The answer of Fleming denied the material allegations and further alleged that during the year 1939 he furnished appellants’ lessee, Allen, the amount of $935.05 for the production and harvesting of the crops grown on the land by Allen, relying “upon the express and written waiver of plaintiffs’ lien for rent accruing under and because of the lease of said land to the said Allen as alleged in the complaint, said waiver appearing written therein, as follows, to-wit: “4. First party hereby agrees to waive his rent to any person, firm or corporation, for the purpose of allowing second party to

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obtain furnish money, to the extent of One Thousand Five Hundred ($1,500) Dollars.”

Appellee further alleged that the only crops he received from the land described in the complaint were 2,019 1/10 bushels of “ear corn” of the value of fifty cents per bushel, and denied that he owed appellants anything.

Upon a jury trial, and at the close of all of the testimony, the court, upon motion of appellee, directed a verdict in his favor. This appeal followed.

Appellants present the issues here in this language: “Does clause 4 of the contract constitute an executed waiver of plaintiffs’ lien, or merely a promise to waive upon future demand?” If, say appellants, the waiver be conceded, it was purely for Allen’s benefit; appellee, Fleming, was a stranger to the contract; there was no privity of contract between Allen and Fleming and Fleming may not avail himself of this clause 4.

At the outset, it is conceded that the contract sued upon was executed in Arkansas, covering land in Mississippi, therefore, we must construe the contract under the laws of this State. In Lawler v. Lawler, 107 Ark. 70, 153 S.W. 1113, this court said: “It is well settled in this State that the nature, validity and interpretation of contracts are to be governed by the law of the place where they are made, but the remedies, by the law of the forum.”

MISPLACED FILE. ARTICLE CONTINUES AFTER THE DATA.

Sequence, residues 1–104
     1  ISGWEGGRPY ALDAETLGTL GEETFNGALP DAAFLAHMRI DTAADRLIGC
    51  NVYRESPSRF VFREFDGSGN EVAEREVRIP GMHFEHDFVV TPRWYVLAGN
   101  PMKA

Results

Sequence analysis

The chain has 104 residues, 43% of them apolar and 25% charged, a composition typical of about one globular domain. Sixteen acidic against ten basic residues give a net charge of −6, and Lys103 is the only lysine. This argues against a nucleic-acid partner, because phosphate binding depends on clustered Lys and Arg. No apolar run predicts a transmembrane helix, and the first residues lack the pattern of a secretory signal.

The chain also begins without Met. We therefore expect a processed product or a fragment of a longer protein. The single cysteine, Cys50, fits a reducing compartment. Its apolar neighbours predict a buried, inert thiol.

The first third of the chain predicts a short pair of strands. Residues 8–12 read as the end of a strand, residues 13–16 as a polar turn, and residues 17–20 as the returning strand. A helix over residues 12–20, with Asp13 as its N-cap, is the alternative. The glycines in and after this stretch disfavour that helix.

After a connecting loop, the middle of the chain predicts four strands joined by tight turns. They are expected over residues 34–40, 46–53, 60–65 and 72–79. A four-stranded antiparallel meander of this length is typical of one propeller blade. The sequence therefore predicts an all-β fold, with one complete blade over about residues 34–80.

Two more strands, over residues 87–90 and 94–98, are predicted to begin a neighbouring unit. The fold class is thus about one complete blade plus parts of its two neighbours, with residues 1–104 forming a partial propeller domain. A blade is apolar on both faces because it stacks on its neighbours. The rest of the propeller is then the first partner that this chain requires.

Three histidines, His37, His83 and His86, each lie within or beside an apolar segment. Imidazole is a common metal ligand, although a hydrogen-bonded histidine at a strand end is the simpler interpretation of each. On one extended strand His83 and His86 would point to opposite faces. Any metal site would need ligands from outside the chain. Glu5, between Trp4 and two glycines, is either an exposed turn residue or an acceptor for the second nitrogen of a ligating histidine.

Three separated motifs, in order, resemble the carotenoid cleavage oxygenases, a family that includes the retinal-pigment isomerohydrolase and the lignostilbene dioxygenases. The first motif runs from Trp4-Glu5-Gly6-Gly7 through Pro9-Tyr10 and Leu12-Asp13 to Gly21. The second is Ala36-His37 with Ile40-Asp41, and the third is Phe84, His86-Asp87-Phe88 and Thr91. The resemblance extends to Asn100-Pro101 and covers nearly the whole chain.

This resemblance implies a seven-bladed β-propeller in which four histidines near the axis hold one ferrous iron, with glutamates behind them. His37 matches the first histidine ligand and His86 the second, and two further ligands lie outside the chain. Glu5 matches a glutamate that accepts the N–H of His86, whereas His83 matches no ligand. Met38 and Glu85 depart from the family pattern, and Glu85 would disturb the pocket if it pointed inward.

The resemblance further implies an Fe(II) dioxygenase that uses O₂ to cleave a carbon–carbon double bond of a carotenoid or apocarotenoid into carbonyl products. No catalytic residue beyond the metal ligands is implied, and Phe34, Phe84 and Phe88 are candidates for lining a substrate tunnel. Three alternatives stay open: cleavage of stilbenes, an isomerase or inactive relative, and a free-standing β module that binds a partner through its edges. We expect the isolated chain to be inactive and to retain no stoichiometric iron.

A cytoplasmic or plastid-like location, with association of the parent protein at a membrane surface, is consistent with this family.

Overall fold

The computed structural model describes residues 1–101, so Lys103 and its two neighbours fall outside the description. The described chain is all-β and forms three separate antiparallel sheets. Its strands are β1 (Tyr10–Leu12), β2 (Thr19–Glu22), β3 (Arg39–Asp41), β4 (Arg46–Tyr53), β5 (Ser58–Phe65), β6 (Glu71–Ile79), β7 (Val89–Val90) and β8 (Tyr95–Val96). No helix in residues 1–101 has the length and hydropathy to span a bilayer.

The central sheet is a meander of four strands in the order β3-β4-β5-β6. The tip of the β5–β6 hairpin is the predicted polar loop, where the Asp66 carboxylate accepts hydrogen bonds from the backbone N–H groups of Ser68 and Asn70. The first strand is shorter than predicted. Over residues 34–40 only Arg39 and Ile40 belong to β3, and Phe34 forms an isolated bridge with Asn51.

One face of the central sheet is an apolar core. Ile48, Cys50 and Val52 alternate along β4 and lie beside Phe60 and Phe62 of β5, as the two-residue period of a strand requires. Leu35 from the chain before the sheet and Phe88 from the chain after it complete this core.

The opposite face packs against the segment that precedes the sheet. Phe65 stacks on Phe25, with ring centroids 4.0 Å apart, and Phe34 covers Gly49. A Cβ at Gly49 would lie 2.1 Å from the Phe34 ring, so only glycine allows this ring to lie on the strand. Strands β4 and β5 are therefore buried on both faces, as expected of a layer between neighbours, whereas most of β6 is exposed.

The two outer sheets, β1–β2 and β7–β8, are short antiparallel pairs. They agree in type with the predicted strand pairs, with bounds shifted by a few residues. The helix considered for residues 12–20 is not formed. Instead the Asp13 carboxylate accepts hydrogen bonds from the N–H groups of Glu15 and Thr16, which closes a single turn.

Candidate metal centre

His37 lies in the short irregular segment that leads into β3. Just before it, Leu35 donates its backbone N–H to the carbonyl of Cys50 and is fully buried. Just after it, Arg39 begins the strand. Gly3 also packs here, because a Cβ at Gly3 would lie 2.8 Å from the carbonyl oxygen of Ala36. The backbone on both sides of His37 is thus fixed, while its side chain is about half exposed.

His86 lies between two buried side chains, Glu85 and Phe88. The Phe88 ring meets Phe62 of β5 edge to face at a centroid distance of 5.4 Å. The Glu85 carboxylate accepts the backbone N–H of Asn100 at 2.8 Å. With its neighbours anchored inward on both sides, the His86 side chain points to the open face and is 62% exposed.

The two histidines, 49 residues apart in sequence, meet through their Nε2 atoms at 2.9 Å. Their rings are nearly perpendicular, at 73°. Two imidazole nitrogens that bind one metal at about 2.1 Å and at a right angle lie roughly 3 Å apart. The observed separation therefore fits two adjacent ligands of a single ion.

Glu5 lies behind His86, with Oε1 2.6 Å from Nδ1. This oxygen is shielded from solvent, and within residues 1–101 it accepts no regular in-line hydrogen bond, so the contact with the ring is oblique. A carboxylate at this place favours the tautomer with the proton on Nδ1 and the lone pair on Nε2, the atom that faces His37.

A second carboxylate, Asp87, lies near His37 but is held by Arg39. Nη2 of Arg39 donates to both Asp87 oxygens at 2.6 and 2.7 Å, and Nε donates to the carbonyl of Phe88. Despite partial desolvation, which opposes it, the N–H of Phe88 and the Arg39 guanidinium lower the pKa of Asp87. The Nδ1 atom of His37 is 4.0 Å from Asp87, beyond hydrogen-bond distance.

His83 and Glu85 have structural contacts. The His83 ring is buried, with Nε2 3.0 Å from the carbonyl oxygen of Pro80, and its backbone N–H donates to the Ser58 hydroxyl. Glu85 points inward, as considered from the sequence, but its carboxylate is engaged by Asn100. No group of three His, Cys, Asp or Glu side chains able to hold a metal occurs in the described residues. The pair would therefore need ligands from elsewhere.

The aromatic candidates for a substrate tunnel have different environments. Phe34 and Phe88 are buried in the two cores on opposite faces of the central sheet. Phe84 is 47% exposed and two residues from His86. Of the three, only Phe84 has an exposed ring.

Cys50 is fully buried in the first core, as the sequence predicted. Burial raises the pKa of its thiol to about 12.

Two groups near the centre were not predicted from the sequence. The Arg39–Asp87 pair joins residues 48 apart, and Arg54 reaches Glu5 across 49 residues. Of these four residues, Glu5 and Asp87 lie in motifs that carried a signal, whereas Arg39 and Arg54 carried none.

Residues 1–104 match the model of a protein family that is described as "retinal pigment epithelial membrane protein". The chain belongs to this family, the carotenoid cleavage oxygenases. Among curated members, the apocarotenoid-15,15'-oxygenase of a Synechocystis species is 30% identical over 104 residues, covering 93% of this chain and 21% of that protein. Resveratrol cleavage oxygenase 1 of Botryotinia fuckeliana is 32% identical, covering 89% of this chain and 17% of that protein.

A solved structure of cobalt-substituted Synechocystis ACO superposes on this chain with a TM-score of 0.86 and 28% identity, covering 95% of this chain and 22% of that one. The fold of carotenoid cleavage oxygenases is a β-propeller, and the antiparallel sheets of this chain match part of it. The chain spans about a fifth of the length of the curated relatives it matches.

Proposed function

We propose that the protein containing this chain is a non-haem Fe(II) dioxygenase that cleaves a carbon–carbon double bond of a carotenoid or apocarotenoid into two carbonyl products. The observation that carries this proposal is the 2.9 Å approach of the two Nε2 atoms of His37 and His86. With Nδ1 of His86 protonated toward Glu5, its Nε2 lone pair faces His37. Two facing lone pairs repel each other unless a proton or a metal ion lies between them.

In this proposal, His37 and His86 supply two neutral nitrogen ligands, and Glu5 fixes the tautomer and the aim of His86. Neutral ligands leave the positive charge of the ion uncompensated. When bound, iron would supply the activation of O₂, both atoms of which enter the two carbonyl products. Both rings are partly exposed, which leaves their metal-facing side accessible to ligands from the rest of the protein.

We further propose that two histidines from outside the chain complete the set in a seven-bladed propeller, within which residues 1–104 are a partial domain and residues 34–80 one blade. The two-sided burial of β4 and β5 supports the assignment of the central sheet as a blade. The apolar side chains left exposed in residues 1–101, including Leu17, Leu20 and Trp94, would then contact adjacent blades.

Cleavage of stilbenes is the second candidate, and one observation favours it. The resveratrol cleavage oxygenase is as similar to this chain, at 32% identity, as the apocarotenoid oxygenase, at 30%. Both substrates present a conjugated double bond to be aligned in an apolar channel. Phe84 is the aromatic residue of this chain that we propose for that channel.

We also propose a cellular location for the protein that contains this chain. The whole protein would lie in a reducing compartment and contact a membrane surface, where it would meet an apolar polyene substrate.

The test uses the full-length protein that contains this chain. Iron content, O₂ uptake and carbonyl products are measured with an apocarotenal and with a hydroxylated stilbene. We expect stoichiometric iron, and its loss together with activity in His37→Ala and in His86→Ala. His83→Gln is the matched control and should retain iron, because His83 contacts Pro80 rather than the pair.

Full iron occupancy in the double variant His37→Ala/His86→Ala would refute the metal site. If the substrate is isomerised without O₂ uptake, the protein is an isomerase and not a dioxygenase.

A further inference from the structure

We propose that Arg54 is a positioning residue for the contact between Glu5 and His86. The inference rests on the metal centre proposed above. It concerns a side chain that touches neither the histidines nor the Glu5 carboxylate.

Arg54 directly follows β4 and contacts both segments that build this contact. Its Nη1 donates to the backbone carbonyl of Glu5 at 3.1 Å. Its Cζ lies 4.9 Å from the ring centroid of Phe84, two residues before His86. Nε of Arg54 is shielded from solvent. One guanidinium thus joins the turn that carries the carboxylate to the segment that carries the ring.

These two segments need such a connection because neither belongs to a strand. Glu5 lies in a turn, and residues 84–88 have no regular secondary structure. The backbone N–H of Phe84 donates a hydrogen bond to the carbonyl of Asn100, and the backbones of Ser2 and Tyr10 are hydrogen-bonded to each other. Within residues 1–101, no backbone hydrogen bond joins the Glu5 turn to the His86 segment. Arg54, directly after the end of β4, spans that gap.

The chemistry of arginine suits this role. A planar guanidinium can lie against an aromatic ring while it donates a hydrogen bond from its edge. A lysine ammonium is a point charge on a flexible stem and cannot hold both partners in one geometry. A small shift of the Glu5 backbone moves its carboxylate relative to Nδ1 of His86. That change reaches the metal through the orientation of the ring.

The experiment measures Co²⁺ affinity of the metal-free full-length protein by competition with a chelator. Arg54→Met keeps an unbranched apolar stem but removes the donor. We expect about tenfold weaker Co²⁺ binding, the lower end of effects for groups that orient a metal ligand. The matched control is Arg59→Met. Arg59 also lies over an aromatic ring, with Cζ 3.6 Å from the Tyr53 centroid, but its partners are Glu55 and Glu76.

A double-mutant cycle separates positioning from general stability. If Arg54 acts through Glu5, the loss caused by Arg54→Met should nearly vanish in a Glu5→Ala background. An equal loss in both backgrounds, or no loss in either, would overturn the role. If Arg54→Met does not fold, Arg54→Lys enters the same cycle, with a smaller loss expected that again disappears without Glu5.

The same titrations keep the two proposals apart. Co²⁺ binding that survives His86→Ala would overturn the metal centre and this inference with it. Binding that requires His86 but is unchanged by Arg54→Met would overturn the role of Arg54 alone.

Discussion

Our decision here turns upon the construction placed upon Clause 4, supra, of the contract in question. One of our long established, simple rules of construing contracts is stated in Stoops v. Bank of Brinkley, 146 Ark. 127, 225 S.W. 593, where it is said: “The first rule of interpretation is to give to the language employed by the parties to a contract the meaning they intended. It is the duty of the court to do this from the language used where it is plain and unambiguous.”

Again in Gates v. Ritchie, 162 Ark. 484, 258 S.W. 397, this court said: “There must be a meeting of minds in every contract, and the intention of the parties must be

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gathered not by what they reserve, but by what they express.”

It is equally well settled that the language of a contract, if not doubtful, is conclusive as to the intention of the parties. Love v. Couch, 181 Ark. 994, 28 S.W.2d 1067. Here appellants prepared the contract and it is to be construed most strongly against the party preparing it. This rule applies to rent contracts, such as we have in the present case. Silbernagel Company v. Taliaferro, 186 Ark. 470, 53 S.W.2d 999.

With these guiding principles, what did the lessors and lessee mean by the language used in clause 4, supra?